How To Make Women Feel Safe So You Can Then Have Sex With Them

On Dennis Prager’s radio show today, he spent an hour with relationship expert Alison Armstrong.

Dennis: “I think it is easier for men to understand women.”

“When you told me the pillow is messy and it’s yelling at you, I understood that.”

Alison busts up laughing.

Alison: I would consider my being called a sexist accurate. I am a sexist.”

Dennis: “So is nature.”

Alison: “One of the things that makes women feel safe is commitment.”

“Safety is totally different for men and for women. It’s also masculine and feminine. A masculine woman will relate to safety the same way men do — your safety is based on your ability to produce whereas a woman’s safety has to do with her physical safety and her ability to connect.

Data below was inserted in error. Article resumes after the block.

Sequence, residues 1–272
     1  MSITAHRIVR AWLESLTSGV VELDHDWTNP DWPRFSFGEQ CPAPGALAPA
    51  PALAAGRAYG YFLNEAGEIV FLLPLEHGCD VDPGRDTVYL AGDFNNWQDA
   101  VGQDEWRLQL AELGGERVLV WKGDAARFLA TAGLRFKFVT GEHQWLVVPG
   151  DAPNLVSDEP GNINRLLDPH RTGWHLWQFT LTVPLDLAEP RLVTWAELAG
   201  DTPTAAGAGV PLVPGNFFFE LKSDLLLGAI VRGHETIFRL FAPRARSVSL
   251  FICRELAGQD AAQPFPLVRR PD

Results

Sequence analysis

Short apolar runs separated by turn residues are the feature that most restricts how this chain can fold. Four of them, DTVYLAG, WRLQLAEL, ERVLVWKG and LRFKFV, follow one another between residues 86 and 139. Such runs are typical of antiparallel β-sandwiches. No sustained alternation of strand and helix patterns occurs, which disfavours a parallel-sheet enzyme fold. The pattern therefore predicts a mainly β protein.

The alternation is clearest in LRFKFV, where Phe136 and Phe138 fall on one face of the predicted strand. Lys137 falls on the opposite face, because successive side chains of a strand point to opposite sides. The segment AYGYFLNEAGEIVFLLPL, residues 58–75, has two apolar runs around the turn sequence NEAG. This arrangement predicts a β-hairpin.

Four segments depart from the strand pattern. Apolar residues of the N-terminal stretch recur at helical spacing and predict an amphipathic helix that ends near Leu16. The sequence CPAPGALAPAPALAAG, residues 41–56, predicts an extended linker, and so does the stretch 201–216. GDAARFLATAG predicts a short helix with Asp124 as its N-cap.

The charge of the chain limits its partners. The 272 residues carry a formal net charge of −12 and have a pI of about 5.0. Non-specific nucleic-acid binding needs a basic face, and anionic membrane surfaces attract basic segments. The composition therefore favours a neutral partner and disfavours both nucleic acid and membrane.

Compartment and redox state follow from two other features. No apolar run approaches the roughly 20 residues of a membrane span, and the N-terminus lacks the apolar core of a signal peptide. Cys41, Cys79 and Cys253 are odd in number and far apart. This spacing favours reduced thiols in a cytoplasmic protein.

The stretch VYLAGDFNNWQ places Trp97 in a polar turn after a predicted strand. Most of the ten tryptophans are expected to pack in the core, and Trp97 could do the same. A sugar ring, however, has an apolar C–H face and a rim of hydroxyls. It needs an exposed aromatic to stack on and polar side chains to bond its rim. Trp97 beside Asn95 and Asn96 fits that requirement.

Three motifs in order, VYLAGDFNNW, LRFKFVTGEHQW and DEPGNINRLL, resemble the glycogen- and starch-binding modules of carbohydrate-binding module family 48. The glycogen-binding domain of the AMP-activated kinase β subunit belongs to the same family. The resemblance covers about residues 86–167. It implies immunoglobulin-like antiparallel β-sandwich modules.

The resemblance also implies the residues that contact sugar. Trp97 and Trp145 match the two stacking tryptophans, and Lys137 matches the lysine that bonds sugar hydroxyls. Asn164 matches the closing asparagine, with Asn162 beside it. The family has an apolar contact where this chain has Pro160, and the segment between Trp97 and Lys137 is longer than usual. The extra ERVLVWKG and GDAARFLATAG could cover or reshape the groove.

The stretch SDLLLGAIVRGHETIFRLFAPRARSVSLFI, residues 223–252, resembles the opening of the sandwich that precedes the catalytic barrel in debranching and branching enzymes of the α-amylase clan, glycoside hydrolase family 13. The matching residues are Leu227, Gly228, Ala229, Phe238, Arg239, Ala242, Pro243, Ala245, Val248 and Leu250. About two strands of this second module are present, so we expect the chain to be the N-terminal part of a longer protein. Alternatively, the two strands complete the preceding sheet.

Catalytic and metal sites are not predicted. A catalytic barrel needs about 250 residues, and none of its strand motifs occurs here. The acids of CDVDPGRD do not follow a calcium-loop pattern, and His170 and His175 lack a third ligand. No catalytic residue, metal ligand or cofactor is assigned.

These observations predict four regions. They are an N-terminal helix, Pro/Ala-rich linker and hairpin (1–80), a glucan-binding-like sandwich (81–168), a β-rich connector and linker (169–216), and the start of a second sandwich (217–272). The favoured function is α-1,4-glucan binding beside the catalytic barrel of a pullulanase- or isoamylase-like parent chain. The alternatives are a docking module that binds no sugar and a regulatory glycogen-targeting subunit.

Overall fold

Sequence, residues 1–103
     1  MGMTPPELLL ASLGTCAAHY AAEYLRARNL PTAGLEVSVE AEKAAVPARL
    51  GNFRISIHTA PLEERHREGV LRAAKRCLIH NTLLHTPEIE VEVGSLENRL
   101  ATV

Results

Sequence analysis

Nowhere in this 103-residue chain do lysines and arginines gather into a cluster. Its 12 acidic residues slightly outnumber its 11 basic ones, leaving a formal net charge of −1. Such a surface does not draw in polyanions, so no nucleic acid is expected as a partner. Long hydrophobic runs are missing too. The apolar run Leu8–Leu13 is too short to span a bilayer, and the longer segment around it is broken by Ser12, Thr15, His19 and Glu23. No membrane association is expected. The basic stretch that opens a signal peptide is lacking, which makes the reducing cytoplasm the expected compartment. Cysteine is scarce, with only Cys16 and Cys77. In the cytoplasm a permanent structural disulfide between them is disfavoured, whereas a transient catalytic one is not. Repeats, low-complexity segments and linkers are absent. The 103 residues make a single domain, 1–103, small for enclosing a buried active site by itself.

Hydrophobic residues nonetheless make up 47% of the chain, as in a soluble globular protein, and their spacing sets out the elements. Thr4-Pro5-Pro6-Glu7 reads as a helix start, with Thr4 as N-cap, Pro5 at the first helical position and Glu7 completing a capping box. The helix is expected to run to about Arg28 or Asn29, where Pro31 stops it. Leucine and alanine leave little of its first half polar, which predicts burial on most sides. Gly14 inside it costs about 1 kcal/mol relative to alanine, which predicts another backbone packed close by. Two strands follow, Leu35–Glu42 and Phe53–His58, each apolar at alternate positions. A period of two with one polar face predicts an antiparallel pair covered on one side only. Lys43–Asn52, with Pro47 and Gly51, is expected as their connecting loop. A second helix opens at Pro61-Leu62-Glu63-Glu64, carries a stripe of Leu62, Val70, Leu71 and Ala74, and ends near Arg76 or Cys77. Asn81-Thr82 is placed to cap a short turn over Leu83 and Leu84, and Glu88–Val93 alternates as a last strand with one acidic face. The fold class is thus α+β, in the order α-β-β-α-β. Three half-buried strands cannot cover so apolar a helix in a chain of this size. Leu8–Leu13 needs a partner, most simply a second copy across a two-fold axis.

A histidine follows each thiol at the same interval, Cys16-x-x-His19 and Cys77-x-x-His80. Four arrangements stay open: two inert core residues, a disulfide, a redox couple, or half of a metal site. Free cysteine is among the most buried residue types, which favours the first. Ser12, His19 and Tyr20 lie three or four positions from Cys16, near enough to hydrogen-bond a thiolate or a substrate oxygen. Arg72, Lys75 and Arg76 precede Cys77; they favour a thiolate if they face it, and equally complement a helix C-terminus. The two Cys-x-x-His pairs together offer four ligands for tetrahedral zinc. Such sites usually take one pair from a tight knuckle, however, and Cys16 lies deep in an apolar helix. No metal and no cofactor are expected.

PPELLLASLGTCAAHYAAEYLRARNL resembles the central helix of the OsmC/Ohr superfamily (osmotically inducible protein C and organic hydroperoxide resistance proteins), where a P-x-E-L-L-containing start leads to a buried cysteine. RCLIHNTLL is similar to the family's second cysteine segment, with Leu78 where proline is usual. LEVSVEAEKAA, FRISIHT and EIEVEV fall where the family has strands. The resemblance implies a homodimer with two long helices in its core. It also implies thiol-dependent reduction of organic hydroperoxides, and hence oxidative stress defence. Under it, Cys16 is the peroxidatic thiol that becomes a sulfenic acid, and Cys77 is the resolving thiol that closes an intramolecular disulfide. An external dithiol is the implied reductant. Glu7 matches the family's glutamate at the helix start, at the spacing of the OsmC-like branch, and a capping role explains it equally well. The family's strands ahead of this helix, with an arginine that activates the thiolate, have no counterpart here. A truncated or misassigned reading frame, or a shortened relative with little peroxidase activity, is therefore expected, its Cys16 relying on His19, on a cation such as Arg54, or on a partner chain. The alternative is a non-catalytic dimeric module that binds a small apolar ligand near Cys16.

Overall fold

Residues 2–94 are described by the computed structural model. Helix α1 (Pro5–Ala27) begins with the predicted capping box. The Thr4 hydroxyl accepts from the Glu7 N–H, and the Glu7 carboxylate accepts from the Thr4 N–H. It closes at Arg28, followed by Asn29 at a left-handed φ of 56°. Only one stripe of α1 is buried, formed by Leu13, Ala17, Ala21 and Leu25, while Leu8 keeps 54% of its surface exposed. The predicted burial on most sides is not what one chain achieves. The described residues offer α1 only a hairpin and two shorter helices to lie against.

“For four years, you and I dated and every six months, you and I had another first date. I had to earn the next date every time. Then a year and a half ago, you asked me to go steady and to come on once a quarter. And it cracked me up because the next time I was on the air with you was the first time I disagreed with you on air. I even said something to [producer] Allen [Estrin] at the time.”

“You don’t understand women and you think you do. I knew it the first time I was on your show and I wouldn’t say it. You said you thought women didn’t want sex as much as men because they don’t focus on it. I knew then that you didn’t understand women because of your idea that women focus period. Women don’t focus.”

“I have feelings in my body and they aren’t even in the same place in your body. For example, where women feel happiness and men feel happiness is in a completely different part of her body.

“A woman feels happiness in her feelings in the center of her chest, in between her breasts. That’s where her feelings happen. Men accuse women, ‘Why do you always make your feelings the center of everything?’ To us that is crazy because they are right in the center of everything, right in the center of our bodies.